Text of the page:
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Speak Business English Like an American Lesson 21 Idioms and Expressions Test

Speak Business English Like an American Lesson 21 Idioms and Expressions Test

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LESSON 21 – Explaining that You’re Feeling Overworked


Mary is feeling overwhelmed between commitments at home and at work. Dan advises her to be patient and stay focused. Things will improve once their busy period at the office is over.

Dan: Mary, why weren’t you at the staff meeting this morning? We all missed you.

Mary: Oh, it completely slipped my mind.

Dan: How could you forget? These meetings are not optional.

Mary: I’m feeling so stressed out these days. Sometimes I don’t know whether I’m coming or going!

Dan: Well, it is crunch time right now. Things will settle down after tax season is over.

Mary: I hope so. I am wiped out after putting in 60-hour weeks at the office and taking care of my five kids and sick mother.

Dan: Wow, you really do have a lot on your plate.

Mary: Yeah, I can hardly keep my head above water. Maybe I should scale back my hours.

Dan: Just hang in there a little longer. After April 15th, it’ll quiet down around here. For now, keep your nose to the grindstone and focus on getting your most important work done.

Mary: You’re right. I need to remember the 80/20 rule. I get 80 percent of my results from just 20 percent of my activities. Now if I could only figure out what that 20 percent is!


  • slip one’s mind

 be forgotten

EXAMPLE: Sorry I didn’t send out that memo last Friday. To be honest with you, it slipped my mind.

NOTE: Notice that the subject is “it” in the expression “it slipped my mind,” making this the passive voice. It’s like this unknown “it” is responsible for the fact that you forgot to do something. In contrast, “I forgot” is the active voice. You are taking more responsibility (and possibly more blame) when you say, “I forgot.”

  • stressed out

 under severe strain; very anxious; very nervous

EXAMPLE: After hearing a rumor that there were going to be layoffs at her company, Barbara was really stressed out.

  • I don’t know whether I’m coming or going

 I’m so busy, I can barely think clearly; I’m not focused; I’m distracted

EXAMPLE: I accidentally sent an e-mail complaining about my boss to the boss himself! I don’t whether I’m coming or going today.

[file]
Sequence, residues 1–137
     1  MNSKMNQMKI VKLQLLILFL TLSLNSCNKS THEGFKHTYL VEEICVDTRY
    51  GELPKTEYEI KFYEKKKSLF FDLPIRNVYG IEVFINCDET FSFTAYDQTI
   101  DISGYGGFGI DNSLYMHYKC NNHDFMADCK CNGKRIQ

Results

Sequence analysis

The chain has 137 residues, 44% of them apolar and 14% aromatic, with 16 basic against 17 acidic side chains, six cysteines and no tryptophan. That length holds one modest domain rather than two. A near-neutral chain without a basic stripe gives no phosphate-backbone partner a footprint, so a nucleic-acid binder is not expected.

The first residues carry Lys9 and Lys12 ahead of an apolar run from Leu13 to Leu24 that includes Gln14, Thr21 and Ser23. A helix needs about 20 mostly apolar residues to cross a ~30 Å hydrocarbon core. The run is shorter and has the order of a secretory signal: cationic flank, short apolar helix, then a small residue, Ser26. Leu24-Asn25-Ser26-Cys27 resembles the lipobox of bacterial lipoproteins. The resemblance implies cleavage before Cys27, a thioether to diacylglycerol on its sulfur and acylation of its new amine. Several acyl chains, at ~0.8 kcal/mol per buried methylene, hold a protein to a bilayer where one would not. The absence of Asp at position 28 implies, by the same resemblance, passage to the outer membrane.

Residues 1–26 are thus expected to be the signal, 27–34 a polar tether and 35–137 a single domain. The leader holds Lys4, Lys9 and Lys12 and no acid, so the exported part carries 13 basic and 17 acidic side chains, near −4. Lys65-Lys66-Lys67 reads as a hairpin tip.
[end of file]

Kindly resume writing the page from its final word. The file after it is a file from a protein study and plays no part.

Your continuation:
• crunch time

 a short period when there’s high pressure to achieve a result

EXAMPLE: It’s crunch time for stem cell researchers in Korea. New government regulations may soon make their work illegal.

  • (to) settle down

 to calm down; to become quiet

EXAMPLE: The mall is very busy in November and December, but after the holidays, things settle down.

  • wiped out

 very tired; exhausted

EXAMPLE: Ken traveled to Russia, India, and China all in one week. No wonder he’s wiped out!

  • (to) have a lot on one’s plate

 to have a lot to do; to have too much to do; to have too much to cope with

EXAMPLE: Carlos turned down the project, explaining that he already had a lot on his plate.

NOTE: There is also the variation: to have too much on one’s plate.

  • (to) keep one’s head above water

 to survive; to get by; to survive financial difficulties

EXAMPLE: Thanks to this new contract, we’ll be able to keep our head above water for another six months.

  • (to) scale back one’s hours

 to reduce the number of hours one works

EXAMPLE: When Christine had a baby, she decided to scale back her hours and just work part-time.

SYNONYM: to cut back one’s hours

  • hang in there

 be patient; don’t get discouraged

EXAMPLE: Your company lost a million dollars last quarter? Hang in there. You’ll do better next quarter.

  • (to) keep one’s nose to the grindstone

 to focus on one’s work; to focus on working hard

EXAMPLE: Unfortunately, I can’t come to happy hour tonight. I need to keep my nose to the grindstone and finish a proposal I’m working on.

ORIGIN: A grindstone is a stone disk used for sharpening tools or grinding grain. To work the grindstone, you need to bend over it with your nose close to the stone.

  • (the) 80/20 rule

 the principle that 80 percent of results are achieved through just 20 percent of activities

EXAMPLE: By applying the 80/20 rule, Marcy was able to reduce the number of tasks she does during the work day.

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